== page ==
One of the most common criticisms of cryptocurrency and the blockchain industry is their inability to submit to regulation by competent authorities. This is not surprising considering the foundations of cryptocurrency: disdain for government control, utopian dreams to transcend fiat currencies and create a decentralized system.
However, digital coins exploded due to the success of Bitcoin (and its underlying blockchain tech), and regulation became almost inevitable for an industry that sought to be a paradigm shift. It is the EU General Data Protection Regulation that is most popular. But what does it mean for the cryptocurrency industry?
A Cryptocurrency Industry that is More Regulated
The GDPR, or the new Regulation as it is commonly known, was passed into law in 2016. It went into effect on May 25, 2018. This caused a frenzy among businesses who were eager to be GDPR-ready. Because of its stringent requirements, it is one of the most fearful legislative acts in the field data protection. GDPR compliance is now a priority for all companies and organizations.
Businesses must implement and set up a variety of organizational and technical measures to increase privacy and security in order to comply with GDPR’s provisions. Data discovery and classification are necessary to identify and address risks. Additionally, it is important for businesses to establish safeguards like pseudonymizing personal information through methods such as data masking. Companies must also monitor data access and be ready to respond to any data breaches. If a company is found to not be complying, they can face a fine up to EUR20m or 4% of their annual turnover, whichever is greater.
Many companies have invested significant money to ensure compliance due to the severe penalties for breaching obligations set out in the GDPR. What does this mean for cryptocurrency?
First, traders and exchanges in this field must adhere to the EU Regulation’s requirements when processing personal data about their clients. This includes personal details such as your bank information and the link to your wallet on a crypto exchange. It is not surprising that cryptocurrency exchanges are located in jurisdictions subject to financial regulations such as Know Your Customer (KYC), and anti-money laundering legislation. It is reported that although $48,000,000 is spent annually on KYC by financial institutions, a survey covering 25 cryptocurrency exchanges and wallet platforms in Europe and the US found that only 32% of them were fully compliant. It is clear to see how exchanges and similar activities fall within the GDPR scope as regulation becomes more common in the cryptocurrency industry.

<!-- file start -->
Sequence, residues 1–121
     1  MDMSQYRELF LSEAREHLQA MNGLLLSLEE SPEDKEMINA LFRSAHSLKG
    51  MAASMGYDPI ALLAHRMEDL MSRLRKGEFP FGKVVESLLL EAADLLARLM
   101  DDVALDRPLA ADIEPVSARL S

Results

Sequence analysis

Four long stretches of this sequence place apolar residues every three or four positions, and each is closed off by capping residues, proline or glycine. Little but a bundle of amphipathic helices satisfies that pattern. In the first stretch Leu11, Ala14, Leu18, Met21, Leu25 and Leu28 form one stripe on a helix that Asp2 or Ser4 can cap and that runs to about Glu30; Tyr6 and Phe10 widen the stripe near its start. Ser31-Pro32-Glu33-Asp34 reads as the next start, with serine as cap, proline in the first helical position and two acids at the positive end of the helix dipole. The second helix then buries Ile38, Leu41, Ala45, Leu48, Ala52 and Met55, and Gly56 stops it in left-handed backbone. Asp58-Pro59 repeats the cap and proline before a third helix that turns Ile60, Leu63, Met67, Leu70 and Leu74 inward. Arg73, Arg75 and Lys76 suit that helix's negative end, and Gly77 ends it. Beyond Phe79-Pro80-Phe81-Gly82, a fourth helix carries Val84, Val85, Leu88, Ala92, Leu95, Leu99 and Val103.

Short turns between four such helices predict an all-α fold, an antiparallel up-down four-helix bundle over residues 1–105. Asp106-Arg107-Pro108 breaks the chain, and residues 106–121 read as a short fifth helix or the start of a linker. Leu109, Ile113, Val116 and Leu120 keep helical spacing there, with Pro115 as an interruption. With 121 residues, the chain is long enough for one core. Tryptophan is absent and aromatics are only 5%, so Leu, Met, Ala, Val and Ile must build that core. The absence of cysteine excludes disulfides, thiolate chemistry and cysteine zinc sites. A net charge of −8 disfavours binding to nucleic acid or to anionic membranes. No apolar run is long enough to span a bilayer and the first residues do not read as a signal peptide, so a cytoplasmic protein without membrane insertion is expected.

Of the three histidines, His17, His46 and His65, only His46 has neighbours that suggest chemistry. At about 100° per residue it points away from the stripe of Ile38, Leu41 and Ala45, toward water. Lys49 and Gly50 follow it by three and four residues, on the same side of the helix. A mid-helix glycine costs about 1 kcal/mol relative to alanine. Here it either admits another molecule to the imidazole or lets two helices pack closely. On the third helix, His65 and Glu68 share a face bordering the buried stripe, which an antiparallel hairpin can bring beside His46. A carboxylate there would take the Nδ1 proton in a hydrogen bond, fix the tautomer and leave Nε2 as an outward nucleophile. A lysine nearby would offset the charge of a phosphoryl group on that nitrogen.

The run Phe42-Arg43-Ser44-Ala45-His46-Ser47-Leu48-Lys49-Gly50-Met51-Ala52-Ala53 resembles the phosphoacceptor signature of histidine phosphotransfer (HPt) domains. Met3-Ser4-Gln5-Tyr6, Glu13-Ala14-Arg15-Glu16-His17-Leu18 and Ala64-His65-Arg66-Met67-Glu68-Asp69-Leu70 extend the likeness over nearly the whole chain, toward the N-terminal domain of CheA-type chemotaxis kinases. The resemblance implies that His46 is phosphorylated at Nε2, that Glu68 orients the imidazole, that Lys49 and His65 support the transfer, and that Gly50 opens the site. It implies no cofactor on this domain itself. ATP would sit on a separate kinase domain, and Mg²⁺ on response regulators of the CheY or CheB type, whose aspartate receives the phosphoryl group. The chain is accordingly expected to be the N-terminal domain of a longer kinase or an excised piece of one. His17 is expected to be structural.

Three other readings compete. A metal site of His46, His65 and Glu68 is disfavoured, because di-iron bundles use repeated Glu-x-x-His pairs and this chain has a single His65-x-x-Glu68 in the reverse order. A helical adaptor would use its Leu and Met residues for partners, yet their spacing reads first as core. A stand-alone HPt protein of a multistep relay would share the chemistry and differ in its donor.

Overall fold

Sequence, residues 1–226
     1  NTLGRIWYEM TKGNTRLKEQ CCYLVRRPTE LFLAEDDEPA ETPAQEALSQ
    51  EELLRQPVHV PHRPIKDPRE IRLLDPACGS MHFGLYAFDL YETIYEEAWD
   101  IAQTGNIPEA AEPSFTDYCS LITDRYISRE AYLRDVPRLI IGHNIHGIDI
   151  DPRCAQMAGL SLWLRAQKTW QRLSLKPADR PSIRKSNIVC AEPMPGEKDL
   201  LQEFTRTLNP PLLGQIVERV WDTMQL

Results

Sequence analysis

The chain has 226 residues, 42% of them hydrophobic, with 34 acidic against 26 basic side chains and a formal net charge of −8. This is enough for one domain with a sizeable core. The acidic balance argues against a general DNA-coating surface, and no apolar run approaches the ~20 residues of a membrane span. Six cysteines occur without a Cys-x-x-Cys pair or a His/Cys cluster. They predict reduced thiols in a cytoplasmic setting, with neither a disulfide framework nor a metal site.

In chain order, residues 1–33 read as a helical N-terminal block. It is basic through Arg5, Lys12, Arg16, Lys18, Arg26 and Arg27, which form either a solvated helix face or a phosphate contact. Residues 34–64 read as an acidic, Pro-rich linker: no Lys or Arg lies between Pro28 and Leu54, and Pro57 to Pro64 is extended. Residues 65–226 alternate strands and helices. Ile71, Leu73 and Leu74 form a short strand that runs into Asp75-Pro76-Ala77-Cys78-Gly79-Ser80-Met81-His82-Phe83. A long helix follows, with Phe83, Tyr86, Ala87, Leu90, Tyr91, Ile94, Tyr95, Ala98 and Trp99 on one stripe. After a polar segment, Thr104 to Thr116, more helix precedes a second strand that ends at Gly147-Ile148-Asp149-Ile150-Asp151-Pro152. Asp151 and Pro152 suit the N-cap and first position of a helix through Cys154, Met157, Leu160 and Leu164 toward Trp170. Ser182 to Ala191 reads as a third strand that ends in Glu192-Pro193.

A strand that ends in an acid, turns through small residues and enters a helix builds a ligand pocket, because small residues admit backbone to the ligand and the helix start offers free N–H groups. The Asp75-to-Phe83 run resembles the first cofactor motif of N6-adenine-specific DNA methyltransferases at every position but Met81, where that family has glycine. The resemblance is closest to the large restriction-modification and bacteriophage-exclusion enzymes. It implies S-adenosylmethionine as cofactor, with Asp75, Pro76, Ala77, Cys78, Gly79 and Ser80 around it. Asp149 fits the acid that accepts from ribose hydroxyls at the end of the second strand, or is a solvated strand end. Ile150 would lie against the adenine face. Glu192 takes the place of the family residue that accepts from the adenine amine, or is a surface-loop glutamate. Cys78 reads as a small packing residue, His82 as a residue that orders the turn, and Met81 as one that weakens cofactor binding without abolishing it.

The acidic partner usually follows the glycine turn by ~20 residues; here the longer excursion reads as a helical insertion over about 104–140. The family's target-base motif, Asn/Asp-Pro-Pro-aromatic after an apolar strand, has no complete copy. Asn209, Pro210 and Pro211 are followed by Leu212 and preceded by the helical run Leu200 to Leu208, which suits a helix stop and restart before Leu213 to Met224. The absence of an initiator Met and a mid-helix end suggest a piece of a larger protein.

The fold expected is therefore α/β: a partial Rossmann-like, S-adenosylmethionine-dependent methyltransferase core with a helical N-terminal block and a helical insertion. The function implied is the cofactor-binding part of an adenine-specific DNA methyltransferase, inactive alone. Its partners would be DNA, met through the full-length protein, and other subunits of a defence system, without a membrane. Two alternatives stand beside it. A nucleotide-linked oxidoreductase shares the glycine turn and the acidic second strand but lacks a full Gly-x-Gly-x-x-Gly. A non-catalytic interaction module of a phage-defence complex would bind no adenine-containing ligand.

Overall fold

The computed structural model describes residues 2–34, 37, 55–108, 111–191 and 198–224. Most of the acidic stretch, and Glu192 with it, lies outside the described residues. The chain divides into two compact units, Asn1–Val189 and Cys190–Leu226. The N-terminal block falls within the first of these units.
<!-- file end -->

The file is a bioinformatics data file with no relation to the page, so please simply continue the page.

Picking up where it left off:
Blockchain and GDPR
It is a little more difficult to understand the delicate balance between the GDPR and blockchain – as is specific cryptocurrencies. Research from 600 organizations found that 27% of respondents said that regulatory uncertainty was the greatest obstacle to mainstream blockchain adoption. Another 4% cited concerns about compliance and audit. 25 percent of respondents cited a lack trust among users. 6% were concerned about intellectual property. Statista has more infographics.
Privacy regulations such as the GDPR further complicate the landscape. Particularly, public blockchains store data that can be used to identify users in the contexts of the transparency approach. This data is stored immutably on ledgers and could violate EU rules. GDPR, on the other hand, advocates the right to request the deletion of personal data – which can be a problem given the immutability blockchain ledgers.
Additionally, cryptocurrencies can use personally identifiable information (PII), to record and transport transactions. They must take steps to ensure that the data is secure from cyber-attacks.
This makes perfect sense when GDPR is actually in effect. However, since it covers all companies that provide products or services, or just monitor the behavior of EU citizens, it is very likely that every cryptocurrency will be included in its scope. The GDPR’s emphasis on privacy could open up new opportunities for cryptocurrency.
As the cryptocurrency industry becomes more regulated, adhering the GDPR rules will have a profound impact on the sector. It will also trigger new developments in privacy and security.